“Fusion energy is the sort of high-risk, high-reward research that will benefit future generations if we are bold enough to pursue it,” said House Science, Space and Technology Committee Chairman Lamar Smith (R-TX) at a recent hearing on the ITER fusion program. Contrasting with the tenor of reports about the governance and construction management of the high profile fusion science project, the ninety minute hearing focusing on ITER was upbeat with strong support voiced by both Republicans and Democrats.
The ninety-minute hearing of the Subcommittee on Energy was held on July 11. Four witnesses testified: Patricia Dehmer; Department of Energy Deputy Director for Science Programs; Robert Iotti, ITER Council Chair; Frank Rusco, Director, Natural Resources, Government Accountability Office; and Ned Sauthoff, Director, US ITER Project, Oak Ridge National Laboratory.
The hearing followed the release of a Government Accountability Office report describing management problems at the international organization building ITER that prevent the Department of Energy from determining the cost and schedule of the US contribution. Rusco described these problems in his testimony, saying “the ITER project is at a crossroads,” urging DOE to push the ITER Organization to formulate a realistic schedule and to improve project management. Iotti did not deny these difficulties, telling the subcommittee that “unquestionably ITER has had management problems” and acknowledged that additional reforms were a work in progress. Dehmer said GAO “did an excellent job” in the report.
At the same time, Dehmer, Iotti, and Sauthoff were optimistic about ITER, with Iotti saying “there are no showstoppers.” Sauthoff described ongoing construction at the ITER site, and reminiscent of the approach long-taken by NASA, how the US contribution to the project involves businesses in 40 states. Other countries are turning to American companies for equipment and other supplies Sauthoff said. Iotti and Sauthoff offered optimistic statements about reforms of ITER management procedures.
Opening statements and questions from subcommittee members indicated a high level of support for DOE’s fusion program and cautious acceptance that ITER’s governance and management problems were being corrected. Of note, Chairman Smith criticized the Obama Administration for underfunding its FY 2015 ITER request that would cut $50 million as compared to this year’s budget. Subcommittee Ranking Member Eric Swalwell (D-CA) expressed his concern about an Administration proposal to cap annual funding for ITER at $225 million, saying “this level falls well below what is necessary to optimize the project schedule and minimize the total cost to taxpayers.”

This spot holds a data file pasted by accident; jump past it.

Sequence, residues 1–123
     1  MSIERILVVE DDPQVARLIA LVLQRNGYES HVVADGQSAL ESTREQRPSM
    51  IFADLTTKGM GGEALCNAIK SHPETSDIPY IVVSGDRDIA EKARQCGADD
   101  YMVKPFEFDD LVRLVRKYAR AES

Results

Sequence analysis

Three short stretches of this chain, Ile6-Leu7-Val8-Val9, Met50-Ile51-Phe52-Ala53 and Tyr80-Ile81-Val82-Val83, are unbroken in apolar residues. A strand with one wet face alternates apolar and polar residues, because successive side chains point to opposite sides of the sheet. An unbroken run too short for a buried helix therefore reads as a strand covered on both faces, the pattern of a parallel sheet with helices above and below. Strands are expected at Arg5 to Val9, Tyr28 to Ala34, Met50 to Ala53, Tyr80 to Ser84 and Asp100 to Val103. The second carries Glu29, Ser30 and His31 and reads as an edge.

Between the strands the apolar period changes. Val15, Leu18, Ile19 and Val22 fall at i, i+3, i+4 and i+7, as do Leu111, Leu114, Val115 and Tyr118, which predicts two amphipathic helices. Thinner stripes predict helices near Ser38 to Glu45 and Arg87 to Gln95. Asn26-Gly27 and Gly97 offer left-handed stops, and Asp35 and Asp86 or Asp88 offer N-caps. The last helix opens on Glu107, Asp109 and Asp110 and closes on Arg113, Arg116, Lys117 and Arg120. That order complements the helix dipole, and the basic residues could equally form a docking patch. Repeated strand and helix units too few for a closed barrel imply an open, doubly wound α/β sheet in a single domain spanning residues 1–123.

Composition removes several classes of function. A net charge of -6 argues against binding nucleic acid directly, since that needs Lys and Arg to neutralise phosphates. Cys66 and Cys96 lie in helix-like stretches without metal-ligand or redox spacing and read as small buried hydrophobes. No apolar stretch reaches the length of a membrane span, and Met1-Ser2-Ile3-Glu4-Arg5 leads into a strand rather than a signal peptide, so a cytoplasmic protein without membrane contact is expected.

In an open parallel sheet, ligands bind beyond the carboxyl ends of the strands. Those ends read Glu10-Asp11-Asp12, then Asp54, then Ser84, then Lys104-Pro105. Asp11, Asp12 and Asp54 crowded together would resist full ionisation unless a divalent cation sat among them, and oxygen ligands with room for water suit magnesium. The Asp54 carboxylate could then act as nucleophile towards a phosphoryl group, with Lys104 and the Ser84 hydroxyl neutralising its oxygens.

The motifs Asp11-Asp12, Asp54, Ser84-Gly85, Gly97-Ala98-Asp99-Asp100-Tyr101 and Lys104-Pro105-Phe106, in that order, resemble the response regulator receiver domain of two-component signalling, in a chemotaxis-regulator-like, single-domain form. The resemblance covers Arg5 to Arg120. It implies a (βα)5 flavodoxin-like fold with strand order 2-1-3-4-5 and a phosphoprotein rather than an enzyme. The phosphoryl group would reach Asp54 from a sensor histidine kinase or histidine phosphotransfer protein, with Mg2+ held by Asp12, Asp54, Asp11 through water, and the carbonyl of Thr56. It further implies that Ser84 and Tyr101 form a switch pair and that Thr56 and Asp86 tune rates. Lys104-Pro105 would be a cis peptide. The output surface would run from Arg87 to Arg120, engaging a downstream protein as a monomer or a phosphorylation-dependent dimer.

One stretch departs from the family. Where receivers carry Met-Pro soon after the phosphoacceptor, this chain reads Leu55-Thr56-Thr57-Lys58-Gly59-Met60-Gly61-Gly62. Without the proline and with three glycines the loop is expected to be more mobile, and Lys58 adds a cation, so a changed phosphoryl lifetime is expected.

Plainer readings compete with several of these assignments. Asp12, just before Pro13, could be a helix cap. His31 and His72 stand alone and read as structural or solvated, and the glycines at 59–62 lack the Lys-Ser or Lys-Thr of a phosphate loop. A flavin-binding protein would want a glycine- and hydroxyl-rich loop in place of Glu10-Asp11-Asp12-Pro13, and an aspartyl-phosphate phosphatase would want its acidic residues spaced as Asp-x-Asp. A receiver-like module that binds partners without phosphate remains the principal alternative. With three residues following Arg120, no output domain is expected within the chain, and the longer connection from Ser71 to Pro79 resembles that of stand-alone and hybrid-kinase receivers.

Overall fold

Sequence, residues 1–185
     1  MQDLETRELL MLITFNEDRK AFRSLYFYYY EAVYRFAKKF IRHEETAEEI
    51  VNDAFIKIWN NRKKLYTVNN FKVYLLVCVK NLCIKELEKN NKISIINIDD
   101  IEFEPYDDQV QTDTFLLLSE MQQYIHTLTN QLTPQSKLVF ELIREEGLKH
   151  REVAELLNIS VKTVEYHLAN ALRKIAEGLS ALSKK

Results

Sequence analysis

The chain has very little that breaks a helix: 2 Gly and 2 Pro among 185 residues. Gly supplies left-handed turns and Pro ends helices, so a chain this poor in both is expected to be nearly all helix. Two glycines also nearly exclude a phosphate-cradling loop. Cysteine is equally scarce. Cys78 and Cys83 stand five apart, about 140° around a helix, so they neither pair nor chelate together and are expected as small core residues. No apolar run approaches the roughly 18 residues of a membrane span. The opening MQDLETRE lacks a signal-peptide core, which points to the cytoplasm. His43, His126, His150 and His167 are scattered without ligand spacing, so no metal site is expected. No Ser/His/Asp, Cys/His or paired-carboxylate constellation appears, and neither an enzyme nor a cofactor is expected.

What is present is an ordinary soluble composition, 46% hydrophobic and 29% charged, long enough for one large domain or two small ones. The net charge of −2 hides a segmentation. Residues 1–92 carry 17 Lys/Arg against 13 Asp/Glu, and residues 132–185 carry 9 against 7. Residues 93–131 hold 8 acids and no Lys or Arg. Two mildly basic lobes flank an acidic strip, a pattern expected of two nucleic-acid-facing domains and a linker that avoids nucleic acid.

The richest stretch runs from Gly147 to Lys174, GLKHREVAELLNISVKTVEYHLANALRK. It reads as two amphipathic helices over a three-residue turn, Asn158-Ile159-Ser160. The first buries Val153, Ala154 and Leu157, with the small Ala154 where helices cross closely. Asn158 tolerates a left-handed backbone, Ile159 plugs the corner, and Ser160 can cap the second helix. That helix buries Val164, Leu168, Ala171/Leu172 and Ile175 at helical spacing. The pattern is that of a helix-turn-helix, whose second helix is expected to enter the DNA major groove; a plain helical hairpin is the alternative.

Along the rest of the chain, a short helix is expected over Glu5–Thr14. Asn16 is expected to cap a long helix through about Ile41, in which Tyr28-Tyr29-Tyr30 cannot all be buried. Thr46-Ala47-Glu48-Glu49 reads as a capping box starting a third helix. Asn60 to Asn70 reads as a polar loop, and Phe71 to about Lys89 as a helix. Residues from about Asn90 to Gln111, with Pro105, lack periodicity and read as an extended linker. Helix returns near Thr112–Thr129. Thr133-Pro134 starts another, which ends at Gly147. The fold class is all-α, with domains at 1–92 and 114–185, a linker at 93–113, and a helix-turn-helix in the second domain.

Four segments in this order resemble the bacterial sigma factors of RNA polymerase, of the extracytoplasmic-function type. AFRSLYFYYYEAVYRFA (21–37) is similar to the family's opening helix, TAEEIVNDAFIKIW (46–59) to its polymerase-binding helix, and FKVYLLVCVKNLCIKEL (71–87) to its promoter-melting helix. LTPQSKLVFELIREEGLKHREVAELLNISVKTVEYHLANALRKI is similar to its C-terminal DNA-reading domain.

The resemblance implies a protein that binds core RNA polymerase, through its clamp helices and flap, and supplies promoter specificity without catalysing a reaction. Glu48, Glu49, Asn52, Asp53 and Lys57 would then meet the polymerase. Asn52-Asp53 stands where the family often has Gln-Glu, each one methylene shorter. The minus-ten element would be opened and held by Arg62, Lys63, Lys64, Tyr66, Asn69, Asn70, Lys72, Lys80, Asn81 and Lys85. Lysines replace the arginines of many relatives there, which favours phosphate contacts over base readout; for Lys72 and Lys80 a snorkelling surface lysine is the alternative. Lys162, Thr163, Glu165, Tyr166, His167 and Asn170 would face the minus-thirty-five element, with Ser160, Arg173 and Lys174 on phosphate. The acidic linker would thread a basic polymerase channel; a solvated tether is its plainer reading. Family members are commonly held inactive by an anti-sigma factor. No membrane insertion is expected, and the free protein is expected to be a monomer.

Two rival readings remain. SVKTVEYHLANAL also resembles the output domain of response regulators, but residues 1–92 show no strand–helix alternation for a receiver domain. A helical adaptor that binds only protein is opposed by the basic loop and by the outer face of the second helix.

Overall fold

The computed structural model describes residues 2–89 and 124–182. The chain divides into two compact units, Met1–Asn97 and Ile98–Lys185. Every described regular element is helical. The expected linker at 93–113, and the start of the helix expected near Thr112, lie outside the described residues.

When asked about this by Swalwell, Dehmer spoke of the Administration’s support of ITER. When DOE was developing the FY 2015 request, she said, it had to do so against a background of no overall cost profile for the project, rumors of cost escalation, organizational management problems, and sequestration. She stressed the need for the Office of Science to seek balance among all of the programs it supports, some of which have made major discoveries that offer great potential. Dehmer said she was looking forward to the June 2015 scheduling report from the ITER Organization. Not surprisingly, she would not say what the Administration’s budget recommendation would be for FY 2016. Later in the hearing, Dehmer referred to calls for more aggressive funding for ITER, and said “we simply can’t do that because there are so many other projects.” When asked about the full ramifications of a US withdrawal from ITER (that under the enabling agreement is allowed after October 2017), Dehmer said that was an unknown.
Several members asked questions about other work supported by the Office of Science. The contributions of the domestic fusion program were discussed, as was the importance of other research programs.
At the end of the hearing the witnesses were asked to comment about the probability that fusion research will lead to a power system. While quite optimistic, none predicted success with absolute certainty, describing it as a long-term, high-risk project with a potentially very high return.